One clear advantage of the Internet, in term of innovation, is the idea of “permissionless” innovation. Because “access” is divorced from “applications,” third party app suppliers do not need business deals or “permission” from Internet access providers to create and distribute their apps directly to end users on a “best effort” basis, with or without use of packet prioritization or quality of service mechanisms routinely used in the backbone of the network.
So some would say Long Term Evolution-Unlicensed is a clever innovation that adds more value to Wi-Fi network access, so long as the contention mechanism is the same as available to all other potential Wi-Fi devices and users.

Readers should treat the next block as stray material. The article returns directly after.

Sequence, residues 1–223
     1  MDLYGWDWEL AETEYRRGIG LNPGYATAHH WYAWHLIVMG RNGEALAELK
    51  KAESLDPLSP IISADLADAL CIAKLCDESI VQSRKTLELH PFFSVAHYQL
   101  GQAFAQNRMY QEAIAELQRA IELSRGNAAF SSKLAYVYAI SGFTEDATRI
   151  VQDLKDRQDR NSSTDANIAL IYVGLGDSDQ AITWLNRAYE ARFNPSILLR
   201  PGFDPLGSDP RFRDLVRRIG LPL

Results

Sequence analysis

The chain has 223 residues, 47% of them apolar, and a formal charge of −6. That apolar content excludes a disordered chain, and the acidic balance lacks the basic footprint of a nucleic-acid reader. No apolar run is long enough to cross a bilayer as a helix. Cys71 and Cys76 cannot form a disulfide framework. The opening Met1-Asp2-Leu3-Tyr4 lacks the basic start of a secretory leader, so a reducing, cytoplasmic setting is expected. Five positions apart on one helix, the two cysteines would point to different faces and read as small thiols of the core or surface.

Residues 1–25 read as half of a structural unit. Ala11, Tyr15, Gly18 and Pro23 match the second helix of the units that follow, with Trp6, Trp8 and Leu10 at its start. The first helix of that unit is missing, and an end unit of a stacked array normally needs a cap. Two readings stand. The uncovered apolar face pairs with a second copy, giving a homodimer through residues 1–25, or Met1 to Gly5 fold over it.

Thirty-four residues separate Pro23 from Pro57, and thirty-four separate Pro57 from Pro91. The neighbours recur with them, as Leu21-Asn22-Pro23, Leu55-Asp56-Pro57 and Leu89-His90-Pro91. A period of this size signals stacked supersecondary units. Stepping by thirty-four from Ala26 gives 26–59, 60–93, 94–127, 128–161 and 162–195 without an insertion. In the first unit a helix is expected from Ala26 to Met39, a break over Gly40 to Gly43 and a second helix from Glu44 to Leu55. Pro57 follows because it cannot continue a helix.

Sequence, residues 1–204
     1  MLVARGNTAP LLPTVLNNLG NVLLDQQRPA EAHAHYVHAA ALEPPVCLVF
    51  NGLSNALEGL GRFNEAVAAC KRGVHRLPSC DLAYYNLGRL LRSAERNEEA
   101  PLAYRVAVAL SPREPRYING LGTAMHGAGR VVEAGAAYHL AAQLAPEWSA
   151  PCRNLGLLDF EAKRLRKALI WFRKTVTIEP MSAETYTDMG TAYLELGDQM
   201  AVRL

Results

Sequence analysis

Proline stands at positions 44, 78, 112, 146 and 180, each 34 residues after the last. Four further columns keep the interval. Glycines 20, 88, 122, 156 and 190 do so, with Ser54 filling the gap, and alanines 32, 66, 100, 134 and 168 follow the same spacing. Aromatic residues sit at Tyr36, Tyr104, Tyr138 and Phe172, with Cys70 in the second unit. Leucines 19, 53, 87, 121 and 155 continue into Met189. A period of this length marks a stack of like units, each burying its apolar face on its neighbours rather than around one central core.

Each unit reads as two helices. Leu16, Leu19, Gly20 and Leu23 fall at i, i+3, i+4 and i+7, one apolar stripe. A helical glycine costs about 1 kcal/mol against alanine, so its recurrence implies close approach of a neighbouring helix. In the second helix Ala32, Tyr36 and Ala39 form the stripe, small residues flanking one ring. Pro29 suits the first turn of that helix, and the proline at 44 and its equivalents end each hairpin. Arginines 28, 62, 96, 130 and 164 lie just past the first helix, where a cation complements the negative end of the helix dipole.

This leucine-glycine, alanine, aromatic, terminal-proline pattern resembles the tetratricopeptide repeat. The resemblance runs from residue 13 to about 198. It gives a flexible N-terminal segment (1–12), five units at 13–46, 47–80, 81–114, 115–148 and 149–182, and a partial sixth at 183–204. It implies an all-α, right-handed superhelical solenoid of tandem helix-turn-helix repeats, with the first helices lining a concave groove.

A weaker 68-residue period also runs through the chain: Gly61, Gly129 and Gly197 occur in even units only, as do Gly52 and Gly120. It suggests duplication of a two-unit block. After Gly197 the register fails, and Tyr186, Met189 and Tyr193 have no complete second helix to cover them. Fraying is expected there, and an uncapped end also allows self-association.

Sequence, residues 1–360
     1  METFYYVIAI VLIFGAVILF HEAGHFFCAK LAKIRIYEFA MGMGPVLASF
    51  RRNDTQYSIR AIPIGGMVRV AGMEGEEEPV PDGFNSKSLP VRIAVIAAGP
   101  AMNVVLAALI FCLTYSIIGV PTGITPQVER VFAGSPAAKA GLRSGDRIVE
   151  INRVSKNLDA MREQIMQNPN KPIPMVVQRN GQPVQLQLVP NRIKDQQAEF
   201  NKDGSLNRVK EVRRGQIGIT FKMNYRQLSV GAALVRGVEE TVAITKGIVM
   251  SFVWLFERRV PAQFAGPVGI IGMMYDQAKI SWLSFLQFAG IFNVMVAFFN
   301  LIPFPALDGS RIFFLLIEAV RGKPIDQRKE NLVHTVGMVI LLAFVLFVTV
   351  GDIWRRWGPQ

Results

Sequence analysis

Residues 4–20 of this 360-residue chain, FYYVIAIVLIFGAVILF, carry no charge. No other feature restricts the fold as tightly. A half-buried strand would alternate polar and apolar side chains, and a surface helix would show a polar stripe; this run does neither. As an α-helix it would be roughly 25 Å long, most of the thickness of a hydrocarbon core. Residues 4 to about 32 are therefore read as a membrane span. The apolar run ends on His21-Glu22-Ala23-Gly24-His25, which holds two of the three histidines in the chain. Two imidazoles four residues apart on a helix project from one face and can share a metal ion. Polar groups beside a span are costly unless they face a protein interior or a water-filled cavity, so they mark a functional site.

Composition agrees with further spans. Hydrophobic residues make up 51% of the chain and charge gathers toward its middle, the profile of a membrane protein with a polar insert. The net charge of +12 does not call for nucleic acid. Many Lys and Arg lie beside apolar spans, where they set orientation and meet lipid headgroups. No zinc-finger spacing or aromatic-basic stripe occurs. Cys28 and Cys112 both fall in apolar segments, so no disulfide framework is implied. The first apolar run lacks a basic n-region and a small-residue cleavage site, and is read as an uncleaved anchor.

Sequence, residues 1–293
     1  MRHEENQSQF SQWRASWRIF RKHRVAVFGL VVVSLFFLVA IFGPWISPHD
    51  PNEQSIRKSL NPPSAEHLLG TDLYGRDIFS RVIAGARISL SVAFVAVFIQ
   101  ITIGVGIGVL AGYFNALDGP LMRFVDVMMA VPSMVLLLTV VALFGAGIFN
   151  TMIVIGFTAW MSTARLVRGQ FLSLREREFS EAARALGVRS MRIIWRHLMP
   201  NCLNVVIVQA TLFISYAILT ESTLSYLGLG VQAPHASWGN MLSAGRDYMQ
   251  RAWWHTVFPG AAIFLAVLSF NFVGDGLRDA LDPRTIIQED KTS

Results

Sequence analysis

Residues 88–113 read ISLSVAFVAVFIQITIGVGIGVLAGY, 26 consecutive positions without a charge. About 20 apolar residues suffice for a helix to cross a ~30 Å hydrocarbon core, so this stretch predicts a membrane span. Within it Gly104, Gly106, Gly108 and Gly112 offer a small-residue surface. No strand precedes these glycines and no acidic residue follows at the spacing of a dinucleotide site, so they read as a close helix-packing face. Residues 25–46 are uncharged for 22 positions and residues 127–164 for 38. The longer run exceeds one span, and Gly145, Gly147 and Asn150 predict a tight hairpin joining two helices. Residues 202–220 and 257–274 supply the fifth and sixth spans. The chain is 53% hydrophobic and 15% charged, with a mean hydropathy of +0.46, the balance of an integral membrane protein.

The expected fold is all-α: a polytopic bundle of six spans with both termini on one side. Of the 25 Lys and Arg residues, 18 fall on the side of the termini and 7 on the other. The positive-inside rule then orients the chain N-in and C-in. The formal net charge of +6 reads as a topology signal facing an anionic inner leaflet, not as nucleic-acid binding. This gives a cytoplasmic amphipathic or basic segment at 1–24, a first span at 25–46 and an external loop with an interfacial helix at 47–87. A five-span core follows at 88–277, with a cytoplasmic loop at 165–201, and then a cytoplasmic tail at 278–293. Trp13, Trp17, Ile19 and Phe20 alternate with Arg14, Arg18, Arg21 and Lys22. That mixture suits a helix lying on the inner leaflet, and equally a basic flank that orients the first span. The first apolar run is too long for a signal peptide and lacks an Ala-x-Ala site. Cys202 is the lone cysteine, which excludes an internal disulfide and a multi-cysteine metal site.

But there always are business and policy interests wrapped around technology standards.
Two bureaus within the U.S. Federal Communications Commission are at the very least now seeking comment on whether Long Term Evolution-Unlicensed is actually technologically neutral where it comes to Wi-Fi access.
The whole point of having large amounts of unlicensed spectrum is promote innovation of services, applications, devices and business models.
The potential issue here is whether some Wi-Fi users (those using LTE-U) with compliant devices could be prevented from using Wi-Fi or other unlicensed spectrum using some access techniques.
That is precisely an example of “permission-based” regulation and business model policies.